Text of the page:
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 The battle scarred buck I caught on Elk Creek.

The battle scarred buck I caught on Elk Creek.

I headed upstream with my buddies during the mid-afternoon. We found various pockets with one or two fish and even observed a few fish spawning. At a beautiful hole above the Rt. 98 bridge, we found a deeper run that allowed for long dead drifts. I could make out multiple shadows of fish in the swift current. We took turns drifting double fly rigs, frequently changing weight to find the lane we needed to be in. I felt my line go tight on my second drift and watched a fish dart downstream. I fought the fish the best I could as it jumped out of water and put on a show. I was fortunate to land this fish. Matt and Mike also hooked up and landed fish as well. All were drop back steelhead. While the guys were distracted, I snuck upstream and found another pool that looked promising. I found a hole that had a large tree that had toppled over into the creek.

 The colorful buck I caught by the blowdown several hundred yards above the campground.

The colorful buck I caught by the blowdown several hundred yards above the campground.

Its branches were submerged underwater creating a “steelhead hotel” and staging area of sorts. When the fish hide in cover like this it can be virtually impossible to coax them out. However, sometimes focusing on the upstream side, you’ll find fish staged above the obstacle and in this case, I did. I was able to get behind these fish to make a cast upstream. On my second drift, my indicator darted under the surface and I was able set the hook, fight and land another beautiful buck steelhead. I spent another hour exploring upstream and although I saw a couple of fish I was unable to hook up. Eventually the guys made their way upstream to see what happening. We decided to call it a day and headed to the Avonia Tavern for dinner.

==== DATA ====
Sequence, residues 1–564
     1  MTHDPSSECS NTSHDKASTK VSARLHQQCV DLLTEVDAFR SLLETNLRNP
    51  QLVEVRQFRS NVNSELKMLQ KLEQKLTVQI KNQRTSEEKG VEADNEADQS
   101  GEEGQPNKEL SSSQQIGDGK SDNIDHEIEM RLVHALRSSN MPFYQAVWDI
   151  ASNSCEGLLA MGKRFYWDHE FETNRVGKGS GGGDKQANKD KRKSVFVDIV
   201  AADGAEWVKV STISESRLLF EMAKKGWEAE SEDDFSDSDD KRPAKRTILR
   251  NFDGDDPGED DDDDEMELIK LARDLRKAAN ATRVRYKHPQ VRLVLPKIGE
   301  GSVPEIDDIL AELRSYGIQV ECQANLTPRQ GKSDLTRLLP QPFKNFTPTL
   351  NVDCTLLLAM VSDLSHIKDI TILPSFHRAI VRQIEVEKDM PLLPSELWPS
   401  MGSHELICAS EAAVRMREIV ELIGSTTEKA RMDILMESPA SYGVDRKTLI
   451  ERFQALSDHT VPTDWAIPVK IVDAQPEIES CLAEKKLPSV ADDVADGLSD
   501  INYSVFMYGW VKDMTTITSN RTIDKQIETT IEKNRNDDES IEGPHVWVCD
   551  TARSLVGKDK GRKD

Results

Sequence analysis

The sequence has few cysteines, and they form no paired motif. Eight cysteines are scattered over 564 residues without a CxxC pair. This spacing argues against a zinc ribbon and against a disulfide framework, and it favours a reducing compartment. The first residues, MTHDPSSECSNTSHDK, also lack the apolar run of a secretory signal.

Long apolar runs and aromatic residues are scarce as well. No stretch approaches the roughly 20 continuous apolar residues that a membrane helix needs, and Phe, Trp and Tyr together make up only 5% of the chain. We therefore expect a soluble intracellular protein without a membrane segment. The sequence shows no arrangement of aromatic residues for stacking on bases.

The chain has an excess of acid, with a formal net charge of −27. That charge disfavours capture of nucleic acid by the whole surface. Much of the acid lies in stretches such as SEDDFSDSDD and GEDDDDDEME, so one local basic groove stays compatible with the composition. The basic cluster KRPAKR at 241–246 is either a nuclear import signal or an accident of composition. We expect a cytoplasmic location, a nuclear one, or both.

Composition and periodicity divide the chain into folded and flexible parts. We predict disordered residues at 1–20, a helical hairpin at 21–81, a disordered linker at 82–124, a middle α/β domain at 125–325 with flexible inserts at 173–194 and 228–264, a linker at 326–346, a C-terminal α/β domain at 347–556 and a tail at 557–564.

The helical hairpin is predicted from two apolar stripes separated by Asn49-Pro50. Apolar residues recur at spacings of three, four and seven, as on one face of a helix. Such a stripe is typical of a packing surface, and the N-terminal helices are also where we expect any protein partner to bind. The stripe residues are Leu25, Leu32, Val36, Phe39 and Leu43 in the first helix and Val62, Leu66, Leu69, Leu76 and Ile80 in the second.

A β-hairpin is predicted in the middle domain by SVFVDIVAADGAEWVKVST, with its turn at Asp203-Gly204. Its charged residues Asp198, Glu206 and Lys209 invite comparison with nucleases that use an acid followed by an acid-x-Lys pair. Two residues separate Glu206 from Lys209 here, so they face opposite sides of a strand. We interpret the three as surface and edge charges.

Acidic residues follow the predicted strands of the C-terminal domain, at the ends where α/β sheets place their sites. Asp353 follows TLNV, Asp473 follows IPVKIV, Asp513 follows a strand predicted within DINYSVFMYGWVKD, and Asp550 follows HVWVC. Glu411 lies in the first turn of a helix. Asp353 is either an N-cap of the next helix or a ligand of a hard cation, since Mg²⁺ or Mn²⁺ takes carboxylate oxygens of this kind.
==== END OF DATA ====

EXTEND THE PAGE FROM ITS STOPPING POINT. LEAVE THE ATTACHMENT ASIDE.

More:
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On Saturday morning we again waited a bit before we headed out. By the time we hit the water it was already getting close to lunch. We decided to start at the park area near Sterrettania and walk downstream. We ran into a couple of guys at the pool below the bend, both of who’d walked all the way from Folly’s End Campground. As they left, we wet our fishing lines and Mike ended up catching a fresh hen steelhead. I walked almost a mile downstream in this area and saw only two fish. At the bottom of this area, I ran into eight other guys fishing. I couldn’t believe they’d all walked that far.

After leaving Sterrettania we decided to head to 20 Mile Creek. We made the 40-minute drive east and arrived at the Upper 20 Mile Creek access point near the Rt. 90 bridge, the area most folks refer to as the “Tomato Patch.” After the walk down the hill we hit the water and found it to be crystal clear. Combined with bright sunshine it wasn’t the best conditions for steelhead. We all split up and walked upstream. I found a nice run and spotted at least two steelhead. As I moved upstream I fished the runs, drifting my egg patterns right along the ledges where the fish like to hide. Then to my surprise there was a giant explosion in the water and I watched a large hen steelhead take my veiled egg pattern.